New UN rules on plastic waste exports, following China’s bans

New UN rules on plastic waste exports, following China’s bans

Countries who want to export plastic waste that cannot readily be recycled, will need the consent of the authorities of the receiving country. With this legally binding framework, the United Nations intend to stop the plastic waste flowing to South-East Asia.

16 mei 2019 Tom Zoete

Norway launched the initiative last year in september. Environmental organisation Zero Waste Europe supported the proposal. On May 10th, more than 180 countries signed the agreement in Geneva, Switzerland, with the United States as an exception. It will take a year to come into force.

The agreement takes the form of an amendment to the Basel Convention, the only treaty which sets international rules for waste trade. Therefore it is well placed to reduce the harm caused by plastic pollution. The Norwegian amendment to the Basel convention proposed to make optimal use of three distinct categories of plastic:

  • The plastic wastes that are considered hazardous
  • The plastic scraps which are non-hazardous. The Norwegian amendment means that plastics can only be listed as non-hazardous if they are readily recyclable. If they are contaminated, mixed with other wastes or other types of plastics, then they can no longer be categorized as non-hazardous and freely shipped across the world.
  • The plastics that are difficult to classify or manage are to be considered wastes requiring special consideration: these will require prior informed consent from the country to which the waste is intended to be shipped.

In practice this will mean that the dumping of difficult to recycle plastics in Asian countries, will become more difficult. Many plastic waste streams will need to be registered and notified. According to Rolph Payet of the UN Environment Programme this means that “there is going to be a transparent and traceable system for export and import of plastic waste.” It could also very well mean that western countries will need to start processing more plastic waste in their own regions – instead of dumping it in Asian countries.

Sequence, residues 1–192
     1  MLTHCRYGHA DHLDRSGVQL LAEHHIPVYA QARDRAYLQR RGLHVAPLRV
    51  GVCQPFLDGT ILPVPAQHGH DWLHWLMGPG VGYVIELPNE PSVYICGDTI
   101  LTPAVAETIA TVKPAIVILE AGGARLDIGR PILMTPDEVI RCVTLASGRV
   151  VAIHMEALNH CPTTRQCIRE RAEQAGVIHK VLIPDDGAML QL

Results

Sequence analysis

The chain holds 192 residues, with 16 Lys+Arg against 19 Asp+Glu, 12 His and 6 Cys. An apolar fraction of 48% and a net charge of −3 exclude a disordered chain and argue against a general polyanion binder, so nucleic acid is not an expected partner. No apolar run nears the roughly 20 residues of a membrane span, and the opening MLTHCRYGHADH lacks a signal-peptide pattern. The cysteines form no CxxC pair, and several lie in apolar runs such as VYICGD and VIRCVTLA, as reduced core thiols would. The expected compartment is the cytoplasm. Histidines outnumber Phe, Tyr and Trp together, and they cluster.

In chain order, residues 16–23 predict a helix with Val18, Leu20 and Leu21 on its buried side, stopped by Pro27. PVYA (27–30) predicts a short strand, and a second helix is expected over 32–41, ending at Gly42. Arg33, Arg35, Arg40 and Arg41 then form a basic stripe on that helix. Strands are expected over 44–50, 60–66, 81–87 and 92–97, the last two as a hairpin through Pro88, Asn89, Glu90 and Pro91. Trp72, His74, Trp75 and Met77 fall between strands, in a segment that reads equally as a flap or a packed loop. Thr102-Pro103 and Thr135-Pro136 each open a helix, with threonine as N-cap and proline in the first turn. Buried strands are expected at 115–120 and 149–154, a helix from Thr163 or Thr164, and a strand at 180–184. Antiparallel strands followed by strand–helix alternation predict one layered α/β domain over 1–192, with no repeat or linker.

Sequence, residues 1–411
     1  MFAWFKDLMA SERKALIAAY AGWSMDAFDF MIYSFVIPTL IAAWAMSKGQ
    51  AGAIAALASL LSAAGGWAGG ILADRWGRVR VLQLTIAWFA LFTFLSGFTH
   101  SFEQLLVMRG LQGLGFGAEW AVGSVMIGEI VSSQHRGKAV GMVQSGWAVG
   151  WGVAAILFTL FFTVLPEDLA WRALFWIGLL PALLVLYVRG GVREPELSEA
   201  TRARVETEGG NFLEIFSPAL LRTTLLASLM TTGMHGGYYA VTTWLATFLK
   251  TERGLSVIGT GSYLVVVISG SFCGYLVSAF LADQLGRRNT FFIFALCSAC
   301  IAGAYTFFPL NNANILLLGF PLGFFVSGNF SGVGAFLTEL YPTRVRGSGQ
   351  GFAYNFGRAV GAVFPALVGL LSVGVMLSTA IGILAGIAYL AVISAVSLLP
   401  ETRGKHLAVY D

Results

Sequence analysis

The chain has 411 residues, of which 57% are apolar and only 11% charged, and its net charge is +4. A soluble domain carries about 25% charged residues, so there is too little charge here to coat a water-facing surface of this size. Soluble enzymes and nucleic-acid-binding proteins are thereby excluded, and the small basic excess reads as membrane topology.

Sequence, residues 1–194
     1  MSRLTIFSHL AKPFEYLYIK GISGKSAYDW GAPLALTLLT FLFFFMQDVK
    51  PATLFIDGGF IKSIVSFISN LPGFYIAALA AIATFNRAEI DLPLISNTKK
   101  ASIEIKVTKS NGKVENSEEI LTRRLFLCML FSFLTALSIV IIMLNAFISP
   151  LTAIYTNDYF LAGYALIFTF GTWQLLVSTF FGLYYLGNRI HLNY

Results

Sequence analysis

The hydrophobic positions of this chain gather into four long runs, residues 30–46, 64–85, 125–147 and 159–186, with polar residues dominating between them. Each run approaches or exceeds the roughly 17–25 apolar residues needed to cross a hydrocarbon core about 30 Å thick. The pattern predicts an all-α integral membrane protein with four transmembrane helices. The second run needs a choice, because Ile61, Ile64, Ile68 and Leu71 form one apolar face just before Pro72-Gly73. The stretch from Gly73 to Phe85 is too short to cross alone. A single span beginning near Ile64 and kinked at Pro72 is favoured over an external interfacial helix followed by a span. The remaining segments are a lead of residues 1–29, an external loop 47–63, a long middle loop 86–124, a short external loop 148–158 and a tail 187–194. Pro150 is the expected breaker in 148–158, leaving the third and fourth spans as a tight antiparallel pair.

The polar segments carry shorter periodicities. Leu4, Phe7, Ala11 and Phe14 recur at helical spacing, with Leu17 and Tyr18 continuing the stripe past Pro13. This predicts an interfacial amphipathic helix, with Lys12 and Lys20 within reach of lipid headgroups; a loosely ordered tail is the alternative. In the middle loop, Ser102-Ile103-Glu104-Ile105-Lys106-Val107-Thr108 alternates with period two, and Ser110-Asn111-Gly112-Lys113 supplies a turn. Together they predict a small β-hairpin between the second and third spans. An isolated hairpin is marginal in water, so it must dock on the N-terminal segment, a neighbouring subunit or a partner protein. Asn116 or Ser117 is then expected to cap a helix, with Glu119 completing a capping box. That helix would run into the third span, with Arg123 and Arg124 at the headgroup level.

China’s 2018 ban on plastic waste

Since the 1990’s, Europe had been exporting more than 40 percent of its plastic waste to China. After importing the world’s plastic waste for decades, China decided to ban the import of plastic waste at the start of 2018. The ban concerns lots of different types of plastic, PET, PE, PVC, PS, “other” plastics, textiles and unsorted paper waste.

The Chinese ban led to a waste crisis all over the world. It has lead to waste stockpiling up in the US and Europe, illegal waste burning in Poland, and encourages the European Commission to push on with the Plastic Strategy and the Single-Use Plastics Directive.

In 2016, 46% of all plastic waste export in the world went to China. Europe exported most, 2,9 billion of metric tonnes. That’s at least 40 % of Europe’s plastic waste. The Netherlands and Belgium are among the world’s top exporters of plastic waste. In 2016, they both had a part of 4 percent of the world’s export, according to the Harvard University’s Atlas of Economic Complexity.

The Chinese ban meant that waste traders started looking for new places to easily get rid of the worthless piles of plastic waste. Countries in South-East Asia such as Indonesia, Thailand, Vietnam and Malaysia became alternative destinations.. The new UN rules try to prevent the dumping of plastic waste in these countries.

 

China expands the ban on waste imports in 2019

In 2019, China will ban the import of even more waste products. The list of banned products is extended with hardware, ships, auto parts, waste and scrap of stainless steel, titanium and wood, the Chinese official news agency Xinhua announced in november 2018.

Considering the huge impact the former import ban had on the waste sector of Europe and the US, this ban will have vast consequences as well.

 

Turning the crisis into an opportunity

“The European governments should turn this waste crisis into an opportunity for a drastic reform of their waste policies. These policies have to take environment protection way more into account. They have to be integrated in the plans on circular economy and climate change as well”, comments Rob Buurman, director of the Dutch-Belgian NGO Recycling Netwerk Benelux.

Therefore, the national and European authorities should reform the plastics economy. Products purely made from virgin plastics should be phased out. The vast number of different types of plastics and additives needs to be significantly reduced to make recycling more effective and economically viable. The best separate collection systems such as deposit refund schemes need to be implemented. A shift from single use to refillable and reusable should be stimulated with legislation, fiscal incentives and taxations on e.g. single use plastics. In the end: we need to start using significantly fewer plastics and when we use it, we need to make sure it doesn’t become waste.

 

Related media:

Al Jazeera, Global waste industry rocked by China import ban, 24/09/2018